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Upper Airway Obstruction Dr Juhina Clinical Serise


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Upper Airway Obstruction Dr Juhina Clinical Serise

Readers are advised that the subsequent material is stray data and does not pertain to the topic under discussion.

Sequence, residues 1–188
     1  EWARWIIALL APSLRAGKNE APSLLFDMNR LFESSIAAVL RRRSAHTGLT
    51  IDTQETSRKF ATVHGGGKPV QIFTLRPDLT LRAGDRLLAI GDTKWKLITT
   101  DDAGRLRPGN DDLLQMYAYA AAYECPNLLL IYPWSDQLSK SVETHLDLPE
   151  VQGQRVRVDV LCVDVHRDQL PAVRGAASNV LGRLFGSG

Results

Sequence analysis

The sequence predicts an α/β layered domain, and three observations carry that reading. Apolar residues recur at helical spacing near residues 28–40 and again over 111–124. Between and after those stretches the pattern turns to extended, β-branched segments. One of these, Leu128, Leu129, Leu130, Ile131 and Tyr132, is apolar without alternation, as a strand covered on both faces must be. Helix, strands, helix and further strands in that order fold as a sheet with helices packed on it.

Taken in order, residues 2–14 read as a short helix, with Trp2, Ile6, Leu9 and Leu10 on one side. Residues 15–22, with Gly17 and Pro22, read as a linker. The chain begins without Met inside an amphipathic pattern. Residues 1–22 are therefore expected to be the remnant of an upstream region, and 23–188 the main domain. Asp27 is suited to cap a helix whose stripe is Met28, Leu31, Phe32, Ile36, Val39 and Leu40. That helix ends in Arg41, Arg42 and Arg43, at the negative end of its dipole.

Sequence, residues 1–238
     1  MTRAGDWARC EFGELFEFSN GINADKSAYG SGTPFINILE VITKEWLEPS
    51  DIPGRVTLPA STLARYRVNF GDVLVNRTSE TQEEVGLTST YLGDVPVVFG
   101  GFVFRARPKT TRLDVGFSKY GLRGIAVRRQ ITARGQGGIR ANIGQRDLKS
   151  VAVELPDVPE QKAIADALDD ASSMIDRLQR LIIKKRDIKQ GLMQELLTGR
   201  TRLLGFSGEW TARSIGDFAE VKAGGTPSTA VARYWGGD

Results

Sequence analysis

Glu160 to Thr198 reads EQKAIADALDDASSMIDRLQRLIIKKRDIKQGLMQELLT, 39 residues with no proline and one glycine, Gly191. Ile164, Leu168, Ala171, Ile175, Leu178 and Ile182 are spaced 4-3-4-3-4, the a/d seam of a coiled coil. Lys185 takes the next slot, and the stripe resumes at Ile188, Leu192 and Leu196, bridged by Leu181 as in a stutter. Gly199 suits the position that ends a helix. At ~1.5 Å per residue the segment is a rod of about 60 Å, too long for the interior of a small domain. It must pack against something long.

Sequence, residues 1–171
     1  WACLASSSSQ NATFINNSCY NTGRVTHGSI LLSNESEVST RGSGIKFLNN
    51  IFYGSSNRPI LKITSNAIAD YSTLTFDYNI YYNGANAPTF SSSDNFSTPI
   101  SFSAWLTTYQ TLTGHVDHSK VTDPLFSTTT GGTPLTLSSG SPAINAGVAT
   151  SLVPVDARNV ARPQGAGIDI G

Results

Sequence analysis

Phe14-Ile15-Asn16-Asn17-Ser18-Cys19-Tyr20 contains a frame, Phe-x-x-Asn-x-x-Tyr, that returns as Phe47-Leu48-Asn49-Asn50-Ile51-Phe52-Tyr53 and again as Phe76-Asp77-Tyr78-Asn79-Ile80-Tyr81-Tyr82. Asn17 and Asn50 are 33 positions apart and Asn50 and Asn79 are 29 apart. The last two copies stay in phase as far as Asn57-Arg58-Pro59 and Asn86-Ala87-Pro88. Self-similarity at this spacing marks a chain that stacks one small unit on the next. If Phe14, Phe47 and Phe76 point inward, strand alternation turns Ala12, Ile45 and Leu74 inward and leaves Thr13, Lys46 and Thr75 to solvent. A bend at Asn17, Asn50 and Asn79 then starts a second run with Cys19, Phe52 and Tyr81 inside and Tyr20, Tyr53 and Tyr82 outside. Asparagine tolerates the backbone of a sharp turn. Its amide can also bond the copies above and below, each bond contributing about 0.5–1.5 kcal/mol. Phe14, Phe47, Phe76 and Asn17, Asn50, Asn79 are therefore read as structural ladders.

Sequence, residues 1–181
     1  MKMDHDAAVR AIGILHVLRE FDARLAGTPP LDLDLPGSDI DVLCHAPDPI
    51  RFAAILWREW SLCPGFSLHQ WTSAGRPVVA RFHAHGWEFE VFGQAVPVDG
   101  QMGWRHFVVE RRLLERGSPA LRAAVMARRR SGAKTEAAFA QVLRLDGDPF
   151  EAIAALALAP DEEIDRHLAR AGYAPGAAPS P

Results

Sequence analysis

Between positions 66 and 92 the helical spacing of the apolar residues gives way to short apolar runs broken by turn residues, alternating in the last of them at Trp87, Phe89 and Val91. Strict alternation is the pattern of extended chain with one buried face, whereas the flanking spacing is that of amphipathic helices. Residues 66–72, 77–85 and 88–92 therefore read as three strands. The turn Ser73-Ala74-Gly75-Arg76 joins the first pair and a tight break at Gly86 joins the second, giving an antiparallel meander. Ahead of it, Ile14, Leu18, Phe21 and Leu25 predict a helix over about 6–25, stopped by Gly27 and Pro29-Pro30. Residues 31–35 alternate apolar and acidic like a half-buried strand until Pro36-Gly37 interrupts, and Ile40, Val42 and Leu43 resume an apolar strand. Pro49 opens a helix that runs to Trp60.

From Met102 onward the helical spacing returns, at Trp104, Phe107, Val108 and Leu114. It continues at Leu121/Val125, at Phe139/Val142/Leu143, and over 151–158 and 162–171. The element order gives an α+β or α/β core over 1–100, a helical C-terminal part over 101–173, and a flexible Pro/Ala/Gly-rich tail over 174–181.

1. 1. <li>Done by : Dr-&gt;Juhaina Al Musawi Mentor : Dr-&gt;Salma Al Mawali Upper airway obstruction </li><li>Outline <ul><li>Introduction-&gt; </li></ul><ul><li>Anatomy-&gt; </li></ul><ul><li>Causes-&gt; </li></ul><ul><li>Clinical Management-&gt; </li></ul><ul><li>Conclusion-&gt; </li></ul></li><li>INTRODUCTION <ul><li>  Upper airway obstruction is a common cause of pediatric </li></ul><ul><li>emergency department visits -&gt; </li></ul><ul><li>Can be a life - threatening emergency -&gt; </li></ul><ul><li>Complete obstruction will result in respiratory failure </li></ul><ul><li>followed by cardiac arrest -&gt; </li></ul><ul><li>Compared to adults, infants and young children have small </li></ul><ul><li>airways and can quickly develop clinically significant upper </li></ul><ul><li>airway obstruction -&gt; </li></ul></li><li>Anatomy of the upper airway </li><li><ul><li>A) Nasopharynx </li></ul><ul><li>Nasal turbinates to the hard </li></ul><ul><li>palate-&gt; </li></ul><ul><li>B ) Retropalatal ( RP ) oropharynx </li></ul><ul><li>hard palate to the caudal </li></ul><ul><li>margin of the soft palate -&gt; </li></ul><ul><li>C ) Retroglossal ( RG ) region </li></ul><ul><li>caudal margin of the soft palate </li></ul><ul><li>to the base of the epiglottis -&gt; </li></ul><ul><li>D ) Hypopharynx </li></ul><ul><li>base of the tongue to the larynx -&gt; </li></ul><ul><li>2010 UpToDate </li></ul></li><li>The difference between peds and adult airway? Prpominent occiput Tounge large in relation to mouth Larynx is higher in neck Narrowest portion at cricoid ring Larynx </li><li>Stridor <ul><li>Clssic sound associated with upper </li></ul><ul><li>upper airway obstruction -&gt; </li></ul><ul><li>Caused by partial airway </li></ul><ul><li>obstruction &amp; the resultant </li></ul><ul><li>turbulent airflow through a portion </li></ul><ul><li>of the airway from the nose to the </li></ul><ul><li>trachea -&gt; </li></ul></li><li><ul><li>Time : </li></ul><ul><li>inspiratory </li></ul><ul><li>expiratory </li></ul><ul><li>Biphasic -&gt; </li></ul><ul><li>Quality : </li></ul><ul><li>Coarse </li></ul><ul><li>High pitched -&gt; </li></ul></li><li>Causes of Stridor: Anatomic Location, Sound, and Etiology Croup Bacterial tracheitis Subglottic stenosis Foreign body Papillomas Foreign body Adenopathy Tonsillar hypertrophy Foreign body Pharyngeal abscess Epiglottitis Acquired Subglottic stenosis Tracheomalacia Tracheal stenosis Vascular ring Hemangioma cyst Laryngomalacia Vocal cord paralysis Laryngeal web Laryngocele Micrognathia ,Pierre Robin Macroglossia, Down syndrome Storage disease Choanal atresia Lingual thyroid Thyroglossal cyst Congenital Subglottic trachea Larynx Vocal cords Nose / Pharynx / Epiglottis Structures High-pitched stridor Inspiratory stridor Biphasic stridor Sonorous, gurgling Coarse, expiratory stridor, Sound Subglottic Trachea Glottic Supraglottic </li><li>Evaluation of acute upper airway obstruction in children </li><li>Observation History O/E Investigations Management </li><li><ul><li>At rest </li></ul><ul><li>Breathing -&gt; </li></ul><ul><li>RR -&gt; </li></ul><ul><li>Alertness -&gt; </li></ul><ul><li>Color </li></ul><ul><li>During activity </li></ul><ul><li>Crying -&gt; </li></ul><ul><li>Feeding -&gt; </li></ul></li><li><ul><li>Onset / Duration -&gt; </li></ul><ul><li>Associated symptoms </li></ul><ul><li>Respiratory distress , fever , toxicity , drooling , cyanosis -&gt; </li></ul><ul><li>Progression with age -&gt; </li></ul><ul><li>Exacerbation : </li></ul><ul><li>Supin versus pron position , URI , crying -&gt; </li></ul><ul><li>Feeding pattern : </li></ul><ul><li>Dysphagia , feeding abnormalities -&gt; </li></ul><ul><li>Airway procedure : </li></ul><ul><li>Intubation in neonatal period -&gt; </li></ul><ul><li>Choking episode -&gt; </li></ul><ul><li>Baseline noises , quality of cry &amp; voice -&gt; </li></ul></li><li><ul><li>Sevirity of the distress : </li></ul><ul><li>RR , Retraction , flaring , HR -&gt; </li></ul><ul><li>Respiratory failure : </li></ul><ul><li>Extreme distress , altered mental </li></ul><ul><li>status , cynosis , hypoventilation , </li></ul><ul><li>hypotension -&gt; </li></ul><ul><li>Stridor : </li></ul><ul><li>character / timing -&gt; </li></ul></li><li><ul><li>Management </li></ul></li><li>Management of complete airway obstruction in children </li><li>Management of severe upper airway obstruction in children </li><li><ul><li>Imaging may be </li></ul><ul><li>useful in identifying </li></ul><ul><li>the location and nature </li></ul><ul><li>of the airway </li></ul><ul><li>obstruction but should never interfere </li></ul><ul><li>with the stabilization of a child with </li></ul><ul><li>a critical obstruction -&gt; </li></ul></li><li>Causes of acute upper airway obstruction that are commonly life - threatening <ul><li>Epiglottitis </li></ul><ul><li>Retropharyngeal abscess </li></ul><ul><li>Bacterial tracheitis </li></ul><ul><li>Croup </li></ul><ul><li>Foreign body </li></ul><ul><li>Anaphylaxsis </li></ul><ul><li>Neck trauma </li></ul><ul><li>Burns thermal or caustic </li></ul>UpToDate 2010 </li><li>&nbsp;</li><li><ul><li>A 42 yrs old previously healthy woman presented with </li></ul><ul><li>bad sore throat &amp; painfull swallowing -&gt; </li></ul><ul><li>She is febriel , but nontoxic &amp; in no respiratory distress -&gt; </li></ul><ul><li>A lateral soft tissue neck film is ordered </li></ul><ul><li>as shown which of the following is the cause of this </li></ul><ul><li>pt illnes ? </li></ul><ul><li>Retropharyngeal abscess -&gt; </li></ul><ul><li>Epiglottitis -&gt; </li></ul><ul><li>Peritonsillar abscess -&gt; </li></ul><ul><li>Bacterial tracheitis -&gt; </li></ul><ul><li>Ludwig angina -&gt; </li></ul></li><li><ul><li>Epiglottitis : </li></ul><ul><li>The most feared peds emergency -&gt; </li></ul><ul><li>Children 3-7 yrs </li></ul></li><li>Epiglottitis : Lateral neck radiograph Epiglottic width &gt; 8 mm Aryepiglottic width &gt; 7 mm </li><li><ul><li>A 12 yrs old child presents to the </li></ul><ul><li>ED with sore throat ; dysphagia , </li></ul><ul><li>odynophagia &amp; drooling -&gt; </li></ul><ul><li>The examination of the oropharynx is </li></ul><ul><li>normal -&gt; Which of the following is the </li></ul><ul><li>most likely diagnosis ? </li></ul><ul><li>Peritonsillar abscess -&gt; </li></ul><ul><li>Bacterial croup -&gt; </li></ul><ul><li>Epiglottitis or supraglottitis -&gt; </li></ul><ul><li>Bacterila tracheitis -&gt; </li></ul></li><li><ul><li>Which of the following is true regarding adult epiglottitis ? </li></ul><ul><li>Airway obstruction is usually caused by inflammation of the infraglottic tissues -&gt; </li></ul><ul><li>Drooling &amp; stridor are infrequent presenting signs -&gt; </li></ul><ul><li>The disease is more common in winter -&gt; </li></ul><ul><li>Nebulizated racemic epinephrine has been shown to decrease the need for intubation -&gt; </li></ul><ul><li>Normal lateral neck XR can safely exclude epiglottitis -&gt; </li></ul></li><li><ul><li>  Adult Presenting features of epiglottitis : </li></ul><ul><li>Sore throat or odynophagia ( 90 - 100 % ) </li></ul><ul><li>Fever ≥37-&gt;5ºC ( 26 - 90 %) </li></ul><ul><li>Muffled voice ( 50 - 80 % ) </li></ul><ul><li>Drooling ( 15 - 65 % ) </li></ul><ul><li>Stridor or respiratory compromise ( 33 %) </li></ul><ul><li>Hoarseness ( 20 - 40 %) </li></ul><ul><li>Uptodate 2010 </li></ul></li><li>Rapid overview : Epiglottitis ( supraglottitis ) in children Secure airway before diagnostic evaluation if respiratory distress is severe-&gt; Communicate early with otolaryngologist, anesthesiologist, and intensivist-&gt; Keep the patient in a setting where the airway can be rapidly managed if necessary ( eg, the emergency department, operating room, or intensive care unit) Evaluation Febrile, toxic - appearing children with rapid onset and progression of dysphagia, drooling, and respiratory distress  Consider epiglottitis in : Respiratory distress : stridor, tachypnea, anxiety, refusal to lie down, &amp;quot; sniffing &amp;quot; or &amp;quot; tripod &amp;quot; posture -&gt; Sore throat, dysphagia, drooling, anterior neck pain ( at the level of the hyoid)-&gt; Muffled &amp;quot; hot potato &amp;quot; voice Marked retractions and labored breathing indicate impending respiratory failure -&gt; Signs and symptoms that may indicate epiglottitis </li><li>Stridor, drooling, suprasternal and subcostal retractions Swollen, erythematous epiglottis, inflammation of the supraglottic structures Look for signs of extra-epiglottic infection (eg, pneumonia) Findings: Defer examination of the pharynx in children with signs of moderate/severe respiratory distress Examine the patient in the upright position Attempt to visualize the epiglottis (with aid of tongue depressor, direct or indirect laryngoscopy) only in patients with mild distress and not in those with more severe distress Maintain the child in a position of comfort with parent present Avoid invasive procedures Examination : </li><li>If abrupt obstruction: Attempt bag-valve mask ventilation first During laryngoscopy, pressure on the chest by an assistant may produce bubbling and help indicate the location of the glottis Perform needle cricothyrotomy (&lt;8 years of age) or surgical cricothyrotomy (&gt;8 years of age) if unable to ventilate or intubate Secure the airway, if time allows, in the operating room by anesthesia or otolaryngologist (artificially or surgically if necessary) Airway Management : Enlarged epiglottis (&amp;quot;thumb&amp;quot; sign), loss of vallecular air space, thickened aryepiglottic folds, distended hypopharynx, loss of cervical lordosis Findings : Soft-tissue radiograph of the lateral neck (portable if possible) when the clinical diagnosis is in doubt Defer imaging in patients with severe respiratory distress or in whom it will delay definitive visualization of the epiglottis Imaging : </li><li>Uptodate 2010 patient in the intensive care unit Monitor Cefotaxime OR ceftriaxone PLUS Clindamycin OR vancomycin Administer empiric antimicrobial therapy: Antimicrobial therapy Epiglottal cultures after establishment of artificial airway Blood cultures after the airway is secured Laboratory studies : </li><li><ul><li>Appropirate initial therapy in a </li></ul><ul><li>pt with adult epiglottitis inclueds </li></ul><ul><li>which of the following? </li></ul><ul><li>Nebulized racemic epinephrine ,IV levofloxacin-&gt; </li></ul><ul><li>Humidified oxygen , IV ceftriaxone -&gt; </li></ul><ul><li>Nebulized racemic epinephrine ,IV dexamethasone , IV ampicillin -&gt; </li></ul><ul><li>Humidified oxygen , IV levofloxacin-&gt; </li></ul><ul><li>IV dexamethasone , IM penicillin G benzathine -&gt; </li></ul></li><li>Diagnosis …-&gt; ? Retropharyngeal abscess </li><li><ul><li>Which of the following is most correct : </li></ul><ul><li>Most cases of retrophargneal abscess occur in children older than 3 yrs -&gt; </li></ul><ul><li>Organisms that cause retropharngeal abscess include staph species , group A strp &amp; anaerobes -&gt; </li></ul><ul><li>Soft tissue film should be taken during expiration -&gt; </li></ul><ul><li>Symptoms of retropharyngeal abscess are easly distinguishable from epiglottitis -&gt; </li></ul><ul><li>Width of the retropharyngeal space should be no more than 3 times the width of the vertebral body at the same level -&gt; </li></ul></li><li><ul><li>A 4 yrs old boy brought to the ED with sever sore </li></ul><ul><li>throat &amp; h/o refusing to eat -&gt; O/E he has sever </li></ul><ul><li>pharyngitis -&gt;Lateral neck XR is taken that you feel is </li></ul><ul><li>consistent with a retropharyngeal abscess-&gt; You are </li></ul><ul><li>surprised to fined ,however that the pt subsequent CT </li></ul><ul><li>was normal -&gt; The radiologist tells you this was </li></ul><ul><li>probably due to poor technique -&gt; </li></ul><ul><li>What technique should be used to most accurately </li></ul><ul><li>assess the prevertebral space on XR ? </li></ul><ul><li>XR should be taken in flexion during expiration -&gt; </li></ul><ul><li>The pt should be sitting upright when XR is taken -&gt; </li></ul><ul><li>The XR should be taken in flexion during inspiration -&gt; </li></ul><ul><li>The XR should be taken in extension during expiration </li></ul><ul><li>The XR should be taken in extension &amp; inspiration -&gt; </li></ul></li><li><ul><li>Retropharyngeal space : </li></ul><ul><li>&gt;7 mm @ C2 </li></ul><ul><li>Retrotracheal space : </li></ul><ul><li>14 mm@ C6 -&gt;-&gt; Ped </li></ul><ul><li>22 mm @ C6 -&gt;-&gt; Adult </li></ul><ul><li>Pediatric Infectious diseases 2009 Uptodate </li></ul>retropharyngeal space Abnormal retropharyngeal space: </li><li><ul><li>Which of the following is true </li></ul><ul><li>regarding retropharyngeal abscess? </li></ul><ul><li>RPAs are usually preceded by FB aspiration in children -&gt; </li></ul><ul><li>Pt with RPAs prefer to lie supine -&gt; </li></ul><ul><li>Prevertabral soft tissue swelling is excess of 22 mm at the level of C 2 is diagnostic for an RPA in children &amp; adult </li></ul><ul><li>Mycobacterium spp are the most common cause of RPAs -&gt; </li></ul><ul><li>Atlantoaxial separation is the most common fatal complication of RPAs -&gt; </li></ul></li><li><ul><li>Surgical drainage and antimicrobial therapy for </li></ul><ul><li>children if CT showed abscess &gt;2 cm -&gt; </li></ul><ul><li>Antibiotic therapy without surgical drainage for </li></ul><ul><li>children without airway compromise if the CT </li></ul><ul><li>findings are not consistent with mature abscess, or </li></ul><ul><li>the abscess is &lt;2 cm -&gt; </li></ul><ul><li>Uptodate 2010 </li></ul>Management of RPAs </li><li><ul><li>Airway obstruction </li></ul><ul><li>Septicemia </li></ul><ul><li>Aspiration pneumonia </li></ul><ul><li>Internal jugular vein thrombosis </li></ul><ul><li>Carotid artery rupture </li></ul><ul><li>Mediastinitis </li></ul><ul><li>Uptodate 2010 </li></ul>COMPLICATIONS of RPAs : </li><li><ul><li>A 6 yrs old girl is brought to </li></ul><ul><li>the ED 4h after developing a </li></ul><ul><li>brief choking episode while </li></ul><ul><li>playing with her toys -&gt; </li></ul><ul><li>Her CXR …-&gt; </li></ul><ul><li>Where is the FB located ? </li></ul><ul><li>Esophagus -&gt; </li></ul><ul><li>Hypopharynx -&gt; </li></ul><ul><li>Trachea -&gt; </li></ul><ul><li>Anterior mediastinum -&gt; </li></ul><ul><li>Not possible to determine from the information provided -&gt; </li></ul></li><li>How to know if the FB in esophagus or trachea from XR ? <ul><li>Esophageal FB : </li></ul><ul><li>(( en face )) in AP view &amp; on edge in lat view-&gt; </li></ul><ul><li>Trachea FB : </li></ul><ul><li>(( en face )) in lat &amp; on edge in AP -&gt; </li></ul></li><li>In a review of 1160 suspected FBA aspirations in children, a FB was successfully removed in 1068 children ( 92%)-&gt; The sites of the FB were as follows : <ul><li>Larynx : 3 % </li></ul><ul><li>Trachea / carina : 13 % </li></ul><ul><li>Right lung : 60 % </li></ul><ul><li>( 52 % in the main bronchus, 6 % in the lower lobe bronchus, and &lt;1 % in the middle lobe bronchus ) </li></ul><ul><li>Left lung : 23 % </li></ul><ul><li>( 18 % in the main bronchus and 5 % in the lower bronchus ( </li></ul><ul><li>Bilateral : 2 % </li></ul><ul><li>UpToDate 2010 </li></ul></li><li><ul><li>7 yrs old girl brought in by her father after choking on a plastic toy -&gt; She was coughing violently &amp; gasping in the car , so the farther tried the Heimlich maneuver &amp; a blind finger sweep but she seemed to get worse -&gt; Hid daughter is now unconscious &amp; cyanotic -&gt; After performing a jaw thrust maneuver , you fail to locate a FB -&gt; Attempts to place an endotracheal tube fail , as the tube seems to be striking an object -&gt; What is the best next step ? </li></ul><ul><li>Laryngeal mask airway -&gt; </li></ul><ul><li>Surgical cricothyrodotomy -&gt; </li></ul><ul><li>Back blows to discharge the FB -&gt; </li></ul><ul><li>Blind figer sweeps to remove the FB -&gt; </li></ul><ul><li>Needle cricothyroidoctomy -&gt; </li></ul></li><li><ul><li>At what age in years is it acceptable </li></ul><ul><li>to use cuffedendotracheal tubes ? Why? </li></ul><ul><li>5 </li></ul><ul><li>6 </li></ul><ul><li>7 </li></ul><ul><li>8 </li></ul><ul><li>9 </li></ul></li><li><ul><li>The narrowest part of the airway in young children is the ? </li></ul><ul><li>Cricoid ring -&gt; </li></ul><ul><li>Endotracheal tube size for children </li></ul><ul><li>&gt; 1yr : </li></ul><ul><li>( Age in yrs /4 ) + 4 </li></ul></li><li><ul><li>In children from 6 m – 4 yrs of age </li></ul><ul><li>which of the following the most </li></ul><ul><li>common cause of accidental </li></ul><ul><li>death INSIDE the home ? </li></ul><ul><li>Falls </li></ul><ul><li>Poisoning </li></ul><ul><li>FB aspiration </li></ul><ul><li>Drowning </li></ul></li><li><ul><li>2 yrs old had a cold for 3 days-&gt;Tonight he has developed a </li></ul><ul><li>barking cough -&gt; He is afebriel ; O/E you note dyspnea , </li></ul><ul><li>retraction , inspiratory stridor &amp; tachypnea-&gt; </li></ul><ul><li>PA CXR shows “ steepling “ of the subglottic </li></ul><ul><li>trachea -&gt; </li></ul><ul><li>Which of the following is the most likely diagnosis ? </li></ul><ul><li>Epiglottitis -&gt; </li></ul><ul><li>Viral croup -&gt; </li></ul><ul><li>Bacterial tracheitis -&gt; </li></ul><ul><li>Retropharyngeal abscess -&gt; </li></ul><ul><li>Pneumonia -&gt; </li></ul></li><li>Croup : <ul><li>Most common cause of upper </li></ul><ul><li>respiratory obstruction in childhood-&gt; </li></ul><ul><li>Peak incidance at 2 yrs </li></ul><ul><li>( range from 6 m – 6 yrs ) -&gt; </li></ul></li><li>Croup / steepling of the subglottic trachea </li><li><ul><li>A child presents with toxicity &amp; findings more </li></ul><ul><li>suggestive of epiglotittis than croup , but the </li></ul><ul><li>lateral neck XR is suggestive of croup or shows </li></ul><ul><li>narrowing or irregularity on the trachea -&gt; The most </li></ul><ul><li>likely diagnosis is : </li></ul><ul><li>Epiglotittis -&gt; </li></ul><ul><li>Viral croup ( laryngotracheobronchitis ) -&gt; </li></ul><ul><li>Spasmodic croup -&gt; </li></ul><ul><li>Bacterial tracheitis -&gt; </li></ul><ul><li>Retropharyngeal abscess -&gt; </li></ul><ul><li>Pneumonia </li></ul></li><li><ul><li>Mild stridor at rest and mild retractions : </li></ul><ul><li>Dexamethasone  (0-&gt;6 mg/kg, maximum of 10 mg) </li></ul><ul><li>oral if oral intake is tolerated / IV / IM -&gt; </li></ul><ul><li>Moderate stridor at rest and moderate retractions, or more </li></ul><ul><li>severesymptoms : </li></ul><ul><li>epinephrine nebulizer  in addition to dexamethasone </li></ul><ul><li>Racemic epinephrine  0-&gt;05 mL/kg / dose </li></ul><ul><li>L-epinephrine is administered as 0-&gt;5 mL/kg per dose-&gt; </li></ul><ul><li>Nebulized epinephrine can be repeated every 15 to 20 minutes-&gt; </li></ul><ul><li>Budesonide inhaled steroid ( 2 mg ) </li></ul><ul><li>As effective as dexamethasone </li></ul><ul><li>In pt unable to take oral medication ( vomiting ) -&gt; </li></ul>Treatment of croup : </li><li>Most commom causes of chronic stridor in children <ul><li>Laryngomalacia : </li></ul><ul><li>Incomplete development of the supporting cartilage of the larynx -&gt; </li></ul><ul><li>Inspiratory stridor begin at birth </li></ul><ul><li>Complete resolution by 2 yrs -&gt; </li></ul><ul><li>Vocal cord paralysis : </li></ul><ul><li>B/L vocal cord paralysis result in sever respiratory distress -&gt; </li></ul><ul><li>Laryngeal Web : </li></ul><ul><li>Failure of complete canalization of the airway </li></ul></li><li><ul><li>Noise decreases as obstruction worsens </li></ul><ul><li>Noise NOT indicative </li></ul><ul><li>of degree of obstruction </li></ul><ul><li>Therefore </li></ul><ul><li>THE WORST OBSTRUCTION IS </li></ul><ul><li>SILENT </li></ul></li><li>THANK YOU </li><li>&nbsp;</li><li>Child with classic presentation of acute epiglottitis Tripod posture (toxic appearance) </li><li>&nbsp;</li>